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A critique: 'The South Stole Americana'

Desert Dancer 19 Mar 18 - 06:29 PM
Mick Lowe 19 Mar 18 - 10:37 PM
Ernest 20 Mar 18 - 06:23 AM
leeneia 20 Mar 18 - 02:31 PM
Roz 22 Mar 18 - 11:43 AM
GUEST,Greg.F 22 Mar 18 - 12:36 PM
Joe Offer 23 Mar 18 - 01:38 AM
Brian Peters 23 Mar 18 - 06:13 AM
Jon Bartlett 23 Mar 18 - 07:44 PM
Joe Offer 23 Mar 18 - 09:39 PM
Desert Dancer 26 Mar 18 - 12:48 AM
Joe Offer 26 Mar 18 - 02:30 AM
GUEST,Phil d'Conch 26 Mar 18 - 04:32 AM
meself 26 Mar 18 - 10:39 AM
GUEST,Phil d'Conch 26 Mar 18 - 12:48 PM
meself 26 Mar 18 - 02:26 PM
Joe Offer 26 Mar 18 - 02:42 PM
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Subject: A critique: 'The South Stole Americana'
From: Desert Dancer
Date: 19 Mar 18 - 06:29 PM

This is a fascinating piece that the author labels on his own website as an " essay, a meditation, or a gripe, about American music".

The American Folklife Center gets a swipe in it as being excessively focused on the folk music of the southern Appalachians, but I think that that's not entirely fair, more a legacy of its early collections than a truth about its practices in the latter half century (at least).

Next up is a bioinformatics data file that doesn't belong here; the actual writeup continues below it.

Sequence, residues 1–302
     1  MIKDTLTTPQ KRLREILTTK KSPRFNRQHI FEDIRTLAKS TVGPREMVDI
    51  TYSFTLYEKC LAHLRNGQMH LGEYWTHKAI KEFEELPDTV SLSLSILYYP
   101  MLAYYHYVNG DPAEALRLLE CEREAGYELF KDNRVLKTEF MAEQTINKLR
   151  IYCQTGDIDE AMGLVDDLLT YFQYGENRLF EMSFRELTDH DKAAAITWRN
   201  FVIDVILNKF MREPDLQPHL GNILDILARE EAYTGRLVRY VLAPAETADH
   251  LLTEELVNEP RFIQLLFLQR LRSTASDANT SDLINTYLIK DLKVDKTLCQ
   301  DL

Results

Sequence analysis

Overall, I think he's got many valid points.

More about the author: Josh Garrett-Davis

The South Stole Americana, by By Josh Garrett-Davis, in the Los Angeles Review of Books, January 2016.

Excerpts:

I don’t dislike Americana music. I used to play a little bluegrass and DJ what came to be called “alt-country.” Okay, I feel an adolescent annoyance when Bob Dylan is hailed as a modern Shakespeare by old white guys like my dad. But I get why Robert Johnson is great, why the Carter Family is great, and so on. The problem is that a lot of other great American folk musicians, particularly those singing in languages other than English, had their records thrown away by the same collectors who polished and reissued country and blues gems. Southern folk music’s overwhelming dominance — for all its championing by non-Southern liberals — also subtly reinforces the “heritage not hate” defenses of the Confederate flag and other antebellum and pre–civil rights nostalgia. Celebrating Southern music and ignoring everything else suggests that what is best and most authentic in American culture is primarily Dixie, which can stand as an imaginary antidote to a world gone wrong. And perhaps more important is that the South-only soundtrack leaves us with a conception of “America” at its root as an Anglo-only, black-and-white-only nation. That was never the case, although the mid-20th century when folk was mostly invented may have come closest superficially to matching the illusion. It is certainly not the case now, when the percentage of foreign-born Americans is nearing the high point it reached in the early 20th century. We need a better conception of Americana, one that is polyglot and profoundly more varied than the dueling banjos of country and blues.
...